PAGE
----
As the parent, sibling, partner, or friend of someone who has experienced sexual misconduct (“secondary survivor”), you may feel anger, sadness, fear, confusion, or guilt—or you may feel none of these things. Everyone responds differently and is entitled to his or her own experience. You are also entitled to support as you support others.
Many people who experience sexual misconduct struggle with guilt or shame, and may blame themselves for what happened to them. Secondary survivors can play a key role in helping people place the blame squarely where it belongs: on the perpetrator alone. Validate the person’s trust in you by not questioning the decisions he or she made, or passing judgment on his or her choices.
Follow the Person's Lead
Allow the person to share what he or she is willing to share, when he or she is willing to share it with you. It is normal for people who experience sexual misconduct to process their experiences incrementally to minimize the feeling of being overwhelmed. Reassure the person that you will be there whenever needed. Be patient and know that the recovery process can take time.
Empower the Person
By assisting the person in exploring his or her options and allowing him or her to decide what you should do, you are empowering him or her and facilitating recovery. You need not have all the answers, but you can be a powerful resource by recommending sources who can answer specific questions. Respect the person’s choices regarding what services he or she does or does not want; doing so leaves the door open to come back to you for help later. Ask whether or how you should share information with other people, and then follow through.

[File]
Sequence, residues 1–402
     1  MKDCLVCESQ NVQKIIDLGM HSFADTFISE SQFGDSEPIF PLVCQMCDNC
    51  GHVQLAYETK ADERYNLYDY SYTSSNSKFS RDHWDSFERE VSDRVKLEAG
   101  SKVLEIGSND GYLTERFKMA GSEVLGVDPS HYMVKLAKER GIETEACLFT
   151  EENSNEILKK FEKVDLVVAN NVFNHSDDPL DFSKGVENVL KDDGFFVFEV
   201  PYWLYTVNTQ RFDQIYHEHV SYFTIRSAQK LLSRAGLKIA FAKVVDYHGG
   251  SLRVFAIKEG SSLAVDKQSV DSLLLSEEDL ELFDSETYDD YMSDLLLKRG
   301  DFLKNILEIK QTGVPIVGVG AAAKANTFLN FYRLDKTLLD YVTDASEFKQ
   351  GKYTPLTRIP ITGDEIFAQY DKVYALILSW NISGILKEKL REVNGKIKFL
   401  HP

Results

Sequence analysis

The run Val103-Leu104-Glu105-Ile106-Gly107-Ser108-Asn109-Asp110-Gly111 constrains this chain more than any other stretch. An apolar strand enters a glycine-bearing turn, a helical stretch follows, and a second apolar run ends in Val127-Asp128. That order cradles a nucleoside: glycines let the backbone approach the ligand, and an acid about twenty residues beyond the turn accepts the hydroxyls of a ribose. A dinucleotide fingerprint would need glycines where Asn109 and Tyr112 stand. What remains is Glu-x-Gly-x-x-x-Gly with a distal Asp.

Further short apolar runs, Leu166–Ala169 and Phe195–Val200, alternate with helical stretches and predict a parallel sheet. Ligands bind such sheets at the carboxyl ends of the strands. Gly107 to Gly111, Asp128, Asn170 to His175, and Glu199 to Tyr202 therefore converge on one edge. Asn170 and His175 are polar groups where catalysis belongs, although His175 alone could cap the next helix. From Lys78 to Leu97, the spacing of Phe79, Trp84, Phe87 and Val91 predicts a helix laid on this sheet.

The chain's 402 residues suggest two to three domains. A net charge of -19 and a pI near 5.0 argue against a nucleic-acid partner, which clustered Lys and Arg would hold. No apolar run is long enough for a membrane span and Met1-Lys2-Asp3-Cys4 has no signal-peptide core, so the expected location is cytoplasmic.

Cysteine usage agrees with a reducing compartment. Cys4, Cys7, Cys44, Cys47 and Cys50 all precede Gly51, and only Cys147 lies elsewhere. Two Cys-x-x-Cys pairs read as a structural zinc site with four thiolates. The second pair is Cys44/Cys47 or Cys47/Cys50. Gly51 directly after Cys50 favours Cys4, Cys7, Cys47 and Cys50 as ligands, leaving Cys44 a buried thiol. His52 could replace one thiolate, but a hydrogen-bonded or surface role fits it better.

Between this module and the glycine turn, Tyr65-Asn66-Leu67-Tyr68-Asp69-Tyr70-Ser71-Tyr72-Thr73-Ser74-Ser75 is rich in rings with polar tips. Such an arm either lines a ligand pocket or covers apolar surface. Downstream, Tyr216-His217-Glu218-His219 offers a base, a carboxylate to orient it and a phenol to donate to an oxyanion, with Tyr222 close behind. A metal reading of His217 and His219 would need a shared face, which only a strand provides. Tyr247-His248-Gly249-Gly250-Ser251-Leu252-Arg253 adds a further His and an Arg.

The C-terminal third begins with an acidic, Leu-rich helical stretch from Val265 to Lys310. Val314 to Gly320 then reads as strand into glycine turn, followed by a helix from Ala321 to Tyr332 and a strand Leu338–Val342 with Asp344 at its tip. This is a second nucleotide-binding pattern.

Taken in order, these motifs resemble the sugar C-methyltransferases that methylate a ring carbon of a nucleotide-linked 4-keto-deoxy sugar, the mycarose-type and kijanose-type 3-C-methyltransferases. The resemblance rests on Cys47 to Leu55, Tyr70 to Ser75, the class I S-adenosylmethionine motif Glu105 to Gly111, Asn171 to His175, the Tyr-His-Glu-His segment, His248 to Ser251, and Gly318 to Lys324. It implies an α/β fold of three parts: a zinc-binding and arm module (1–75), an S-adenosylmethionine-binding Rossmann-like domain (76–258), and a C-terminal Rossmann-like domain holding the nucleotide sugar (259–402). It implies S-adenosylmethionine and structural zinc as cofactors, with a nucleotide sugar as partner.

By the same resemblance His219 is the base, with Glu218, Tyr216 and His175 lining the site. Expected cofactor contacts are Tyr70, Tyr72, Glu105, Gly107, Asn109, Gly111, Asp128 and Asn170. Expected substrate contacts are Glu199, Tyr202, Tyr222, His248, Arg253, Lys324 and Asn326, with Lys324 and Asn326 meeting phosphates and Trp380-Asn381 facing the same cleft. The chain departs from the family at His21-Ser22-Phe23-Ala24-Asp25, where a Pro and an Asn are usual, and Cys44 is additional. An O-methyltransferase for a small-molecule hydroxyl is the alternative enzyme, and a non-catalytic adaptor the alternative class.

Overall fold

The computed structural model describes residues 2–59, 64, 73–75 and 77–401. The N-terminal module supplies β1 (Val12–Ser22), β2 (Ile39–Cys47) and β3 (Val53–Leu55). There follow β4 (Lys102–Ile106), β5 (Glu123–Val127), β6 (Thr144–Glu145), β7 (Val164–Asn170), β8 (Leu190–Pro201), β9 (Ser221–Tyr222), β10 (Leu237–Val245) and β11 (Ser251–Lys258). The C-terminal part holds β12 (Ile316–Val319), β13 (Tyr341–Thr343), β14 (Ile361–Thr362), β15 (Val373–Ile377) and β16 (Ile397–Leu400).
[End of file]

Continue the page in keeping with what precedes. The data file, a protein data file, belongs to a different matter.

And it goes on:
Explore the many myths and assumptions about sexual misconduct that may interfere with a person’s recovery process. Understand what is helpful (and not helpful).
Take Care of Yourself
When someone you care about experiences sexual misconduct, there is likely to be an impact on you as well. You may find it helpful to talk with a support person as you navigate the role of “secondary survivor.” Doing so may help you to better support the person. This is also an opportunity to lead by example: Showing that self-care is important to you may help the person consider it a priority as well.
Take Action When Safety Is Threatened
If you are concerned that someone is in immediate danger on campus, whether from another person or him- or herself, contact the Wellesley College Police Department at 781-283-5555 for emergency assistance at any time. If the person is off campus, call 911.